• Rate of rupture was found to be higher in those found to have moderate to large amount of free fluid when compared to those with small or no free fluid.

Bottom line: Sonographic findings cannot accurately predict presence or absence of tubal rupture and there was no correlation between hCG level and tubal rupture. Notably, 9.7% of patients with hCG levels < 500 mIU/mL were found to have tubal rupture at surgery


  • Adnexal mass findings and measurements were somewhat subjective and may have represented blood clots instead of the ectopic contents.
  • Those treated nonsurgically did not have any surgical or pathologic confirmation of diagnosis.
  • Some patients had multiple ultrasounds done, and the study done closest to the time of treatment was used for the review; this may have biased the results.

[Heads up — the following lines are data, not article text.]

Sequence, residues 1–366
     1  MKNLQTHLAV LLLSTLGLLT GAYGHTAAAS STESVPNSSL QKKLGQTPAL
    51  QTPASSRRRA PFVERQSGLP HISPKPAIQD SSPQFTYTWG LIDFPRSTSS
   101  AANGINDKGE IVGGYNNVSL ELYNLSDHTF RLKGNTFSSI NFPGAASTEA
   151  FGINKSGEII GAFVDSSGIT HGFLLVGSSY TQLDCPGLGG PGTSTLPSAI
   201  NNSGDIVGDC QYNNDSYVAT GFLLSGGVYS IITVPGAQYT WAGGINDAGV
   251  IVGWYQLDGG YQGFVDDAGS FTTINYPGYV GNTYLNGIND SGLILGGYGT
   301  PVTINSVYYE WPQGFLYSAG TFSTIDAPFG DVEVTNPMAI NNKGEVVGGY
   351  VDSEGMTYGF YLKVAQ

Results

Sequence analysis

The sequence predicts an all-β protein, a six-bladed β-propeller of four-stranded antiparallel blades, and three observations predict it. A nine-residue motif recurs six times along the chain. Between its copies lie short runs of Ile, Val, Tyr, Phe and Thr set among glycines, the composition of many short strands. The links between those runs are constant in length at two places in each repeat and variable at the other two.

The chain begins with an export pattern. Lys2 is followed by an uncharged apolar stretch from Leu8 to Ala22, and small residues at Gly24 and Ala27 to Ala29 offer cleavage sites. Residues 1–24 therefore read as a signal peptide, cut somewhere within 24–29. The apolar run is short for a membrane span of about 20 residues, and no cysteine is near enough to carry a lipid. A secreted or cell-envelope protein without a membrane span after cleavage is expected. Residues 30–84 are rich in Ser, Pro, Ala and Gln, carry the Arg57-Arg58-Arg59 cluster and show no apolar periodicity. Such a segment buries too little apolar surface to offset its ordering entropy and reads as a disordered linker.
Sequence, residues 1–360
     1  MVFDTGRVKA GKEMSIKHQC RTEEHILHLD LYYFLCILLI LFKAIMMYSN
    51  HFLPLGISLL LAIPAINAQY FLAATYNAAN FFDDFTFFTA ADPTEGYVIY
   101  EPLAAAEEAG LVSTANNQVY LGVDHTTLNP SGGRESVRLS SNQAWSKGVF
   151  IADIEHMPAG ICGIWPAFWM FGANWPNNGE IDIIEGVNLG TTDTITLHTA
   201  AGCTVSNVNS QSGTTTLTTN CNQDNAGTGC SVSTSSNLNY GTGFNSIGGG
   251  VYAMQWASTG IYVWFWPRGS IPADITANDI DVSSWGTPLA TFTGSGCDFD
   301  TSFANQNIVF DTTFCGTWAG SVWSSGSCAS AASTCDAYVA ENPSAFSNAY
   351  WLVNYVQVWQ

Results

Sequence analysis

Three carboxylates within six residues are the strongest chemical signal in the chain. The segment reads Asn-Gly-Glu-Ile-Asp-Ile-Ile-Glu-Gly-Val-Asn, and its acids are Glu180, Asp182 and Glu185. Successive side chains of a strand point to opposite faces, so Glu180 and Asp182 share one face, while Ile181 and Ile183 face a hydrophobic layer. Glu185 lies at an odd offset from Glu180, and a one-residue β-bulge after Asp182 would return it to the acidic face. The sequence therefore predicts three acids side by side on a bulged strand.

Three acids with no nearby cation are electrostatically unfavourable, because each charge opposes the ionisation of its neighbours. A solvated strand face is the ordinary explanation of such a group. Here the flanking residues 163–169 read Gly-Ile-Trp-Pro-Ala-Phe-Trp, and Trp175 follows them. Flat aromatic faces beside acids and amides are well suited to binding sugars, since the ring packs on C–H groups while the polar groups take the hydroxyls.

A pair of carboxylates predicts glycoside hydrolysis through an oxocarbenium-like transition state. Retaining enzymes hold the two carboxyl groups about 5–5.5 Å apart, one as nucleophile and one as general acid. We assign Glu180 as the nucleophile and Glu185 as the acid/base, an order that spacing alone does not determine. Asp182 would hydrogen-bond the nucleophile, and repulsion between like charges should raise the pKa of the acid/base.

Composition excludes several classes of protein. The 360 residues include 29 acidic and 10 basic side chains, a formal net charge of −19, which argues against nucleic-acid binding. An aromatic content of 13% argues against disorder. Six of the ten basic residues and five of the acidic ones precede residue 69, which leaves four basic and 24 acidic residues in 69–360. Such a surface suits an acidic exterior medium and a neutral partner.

Left: Pelvic free fluid; Right: Empty uterus with extrauterine cystic structure (pc: Dr. Bon).


Paper 2: Do All Women with Indeterminate Pregnancies Need a Formal Ultrasound Before Discharge from the Emergency Department?

This was a retrospective review from August 2010 to March 2011 of women who only received an ED ultrasound with indeterminate findings and were then discharged with referral for 48-72 hour re-evaluation. Women with a beta-hCG greater than 3000 mIU/mL were excluded. The primary outcome was the fetal outcome and incidence of ectopic pregnancy.

  • 49 patients were included in the study with a beta-hCG range of 7-2903 mIU/mL
    • 29 (59.2%) had spontaneous abortions
    • 18 (36.7%) had normal pregnancies
    • 2 (4.1%) had ectopic pregnancies

Patients with ectopic pregnancy had no adverse outcomes. They also had no classic risk factors. One was treated successfully with methotrexate and the other ectopic pregnancy resolved spontaneously after a period of observation.